County council puts in planning application for Thanet Parkway station

Early impressions of a Thanet Parkway station

Thanet CPRE has given a cool response to news that the county council has put in a planning application for a Thanet Parkway station near Ramsgate.
It is planned for a site off Hengist Way, close to the Ramsgate-Ashford railway line, and intended to open in 2021.
An initial application had been expected last year, but amendments to junction design and pedestrian and cycle access delayed it.
The project had been costed at £11 million, but this figure, The Isle of Thanet News reports, has almost doubled according to new estimates.
The plan is to cut journey times between Ramsgate and London Stratford International station to about an hour, a reduction of some 15 minutes on the current shortest time between the town and the capital.
A Kent County Council spokesman is reported as saying: “An application for the proposed Thanet Parkway station was submitted last week.
“It will go through a period of validation and, once this is completed, people will be able to view and comment on the Kent.gov.uk planning site.
“Once validated, we will also notify all residents who requested updates on the project at the public consultation held last year.
“All residents affected by or in the immediate vicinity of the proposals will be contacted as part of the planning process as a matter of course.”
However, Thanet CPRE chairman David Morrish was less than impressed by the plan.
“We believe that a decision on the parkway station shouldn’t be made until the situation at the Manston airport site is clarified. It was, after all, initially proposed that a parkway station would serve an expanded airport.
“There are widespread fears that it would result in the closing of nearby Minster station, while the idea of encouraging people to travel across Thanet to a new station rather than using their existing stations of Ramsgate, Broadstairs and Margate – with all the issues of traffic congestion that would entail – is bizarre.
“There needs to be a full study on the impact on local transport, which is likely to suffer as a result of this, while are we sure there is enough capacity on the trains to take extra people to London, as is intended?
“Further, we though that the protection of our farmland was moving up the agenda in the light of the great changes that lie ahead. This station would of course result in a substantial loss of high-quality farmland.”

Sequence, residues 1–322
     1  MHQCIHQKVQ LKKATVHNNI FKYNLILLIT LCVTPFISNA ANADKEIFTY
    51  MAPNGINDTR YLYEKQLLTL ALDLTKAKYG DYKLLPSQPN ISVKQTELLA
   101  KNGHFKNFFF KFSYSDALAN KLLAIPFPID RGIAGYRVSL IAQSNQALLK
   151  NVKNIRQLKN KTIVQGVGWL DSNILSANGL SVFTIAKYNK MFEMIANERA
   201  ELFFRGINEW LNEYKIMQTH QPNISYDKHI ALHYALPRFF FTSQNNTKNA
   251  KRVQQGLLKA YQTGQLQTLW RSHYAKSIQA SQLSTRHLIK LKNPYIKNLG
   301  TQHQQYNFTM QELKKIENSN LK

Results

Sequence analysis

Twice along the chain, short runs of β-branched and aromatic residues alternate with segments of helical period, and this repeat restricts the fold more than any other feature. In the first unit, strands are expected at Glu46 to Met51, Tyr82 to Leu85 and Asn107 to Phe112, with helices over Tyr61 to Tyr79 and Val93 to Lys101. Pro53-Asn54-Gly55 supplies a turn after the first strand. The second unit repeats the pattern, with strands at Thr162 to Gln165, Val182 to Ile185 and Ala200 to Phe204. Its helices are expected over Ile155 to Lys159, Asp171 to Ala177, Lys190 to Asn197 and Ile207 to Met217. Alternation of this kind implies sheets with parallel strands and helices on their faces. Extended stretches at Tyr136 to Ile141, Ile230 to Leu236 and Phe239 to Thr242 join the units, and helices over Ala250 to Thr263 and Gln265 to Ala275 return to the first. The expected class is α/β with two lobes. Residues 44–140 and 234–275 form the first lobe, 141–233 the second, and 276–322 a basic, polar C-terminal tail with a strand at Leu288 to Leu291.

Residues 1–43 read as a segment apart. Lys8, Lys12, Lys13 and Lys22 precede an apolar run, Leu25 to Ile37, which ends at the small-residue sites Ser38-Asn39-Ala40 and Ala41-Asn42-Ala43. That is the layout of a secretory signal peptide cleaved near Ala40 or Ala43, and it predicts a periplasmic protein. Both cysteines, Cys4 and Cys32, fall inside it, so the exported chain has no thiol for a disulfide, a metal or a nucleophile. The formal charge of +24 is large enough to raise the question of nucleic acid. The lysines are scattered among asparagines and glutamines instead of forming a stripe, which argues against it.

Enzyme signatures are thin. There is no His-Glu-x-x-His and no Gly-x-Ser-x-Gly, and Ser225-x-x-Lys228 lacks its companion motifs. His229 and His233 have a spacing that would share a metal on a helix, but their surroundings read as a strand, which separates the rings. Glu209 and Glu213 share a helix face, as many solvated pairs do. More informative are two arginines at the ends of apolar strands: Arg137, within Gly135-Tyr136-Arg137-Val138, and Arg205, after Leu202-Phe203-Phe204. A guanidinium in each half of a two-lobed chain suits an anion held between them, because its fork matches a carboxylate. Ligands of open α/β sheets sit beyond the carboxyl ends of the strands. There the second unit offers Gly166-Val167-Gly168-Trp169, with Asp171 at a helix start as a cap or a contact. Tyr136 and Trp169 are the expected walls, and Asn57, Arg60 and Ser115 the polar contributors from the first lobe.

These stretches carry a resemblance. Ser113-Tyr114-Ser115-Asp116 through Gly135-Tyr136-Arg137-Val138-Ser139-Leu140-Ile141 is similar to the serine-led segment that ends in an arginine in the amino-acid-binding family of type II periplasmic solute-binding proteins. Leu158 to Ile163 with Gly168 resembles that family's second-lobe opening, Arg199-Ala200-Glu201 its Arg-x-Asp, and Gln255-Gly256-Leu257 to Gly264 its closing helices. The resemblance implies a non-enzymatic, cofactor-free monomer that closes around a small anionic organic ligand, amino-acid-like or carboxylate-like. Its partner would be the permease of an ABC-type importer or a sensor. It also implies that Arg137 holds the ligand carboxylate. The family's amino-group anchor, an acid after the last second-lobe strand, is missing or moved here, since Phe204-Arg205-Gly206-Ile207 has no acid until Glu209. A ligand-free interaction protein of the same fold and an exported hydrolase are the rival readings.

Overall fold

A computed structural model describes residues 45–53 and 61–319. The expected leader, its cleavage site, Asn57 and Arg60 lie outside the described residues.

Wednesday, June 13, 2018

Thanet and its Local Plan… where are we now?

Manston has hogged the Thanet headlines for so long… perhaps too long?

We have reported the machinations of Thanet and its Local Plan before on this website – and the tale is set to develop as district councillors prepare for the latest stage in this lengthy saga.
To remind you of the backdrop, in January Thanet district councillors voted down the draft Local Plan that had been presented to them, the future of Manston airport the most high-profile issue contained within it.
The council’s cabinet had earlier approved the draft Plan, which included an allocation of 2,500 properties at Manston; this appeared to be endorsement of site owner Stone Hill Park Ltd’s plans to build 2,500 homes (a figure that could rise to 4,000), business units and sporting facilities there.
However, January’s vote by the full council saw that draft Plan rejected.
Divisive an issue as Manston is, many saw the voting as politically motivated and indeed the leader of the council, UKIP’s Chris Wells, stepped down from his role the following month, Conservative Bob Bayford subsequently taking over as leader of a minority administration.
No sooner had this unfolded than, in March, Sajid Javid, Secretary of State for Communities and Local Government – frustrated with the local authority’s “persistent failure” to produce its Plan – wrote to Cllr Bayford, announcing he would be sending Chief Planner Steve Quartermain to the isle to intervene.
It is understood that two government planners have been left effectively in situ to ensure the Plan is finally published. In other words, the government has taken over production of the Thanet Local Plan from the district council.
This month councillors will receive a set of papers briefing them on the forthcoming adoption of the Plan, which will map out the isle’s development until 2031 and is due to be published this summer.
There is uncertainty over how matters will proceed from here and to what degree Thanet councillors will have any say in the Plan’s adoption. Indeed, how much public consultation will there be?
What we do know, in a situation that still seems very from clear, at least to the wider public, is that the council has put together three options for the Manston site in the Plan:

  • Manston is designated for aviation use, with 2,500 homes allocated for other sites in Thanet. It is understood these are Westgate (1,000 extra homes), Birchington (600), Westwood (500), Hartsdown (300) and Minster (100).
  • A  decision on Manston is deferred by the council for two years, allowing RSP, the group behind plans for a cargo hub airport, to push for a Development Consent Order, which would force Stone Hill Park to hand over the site.
  • Manston would be recognised as appropriate for aviation use, but it would not be designated as such for two years.

Quite what’s going on with the third option might not be readily apparent, but, either way, Thanet CPRE hopes to be involved in the Plan’s development:
“We are looking forward to engaging with the Chief Planner,” said chairman David Morrish. “A lack of public consultation was highlighted by the DCLG earlier this year as a failing in the Thanet process, so we hope that doesn’t repeat itself this time round.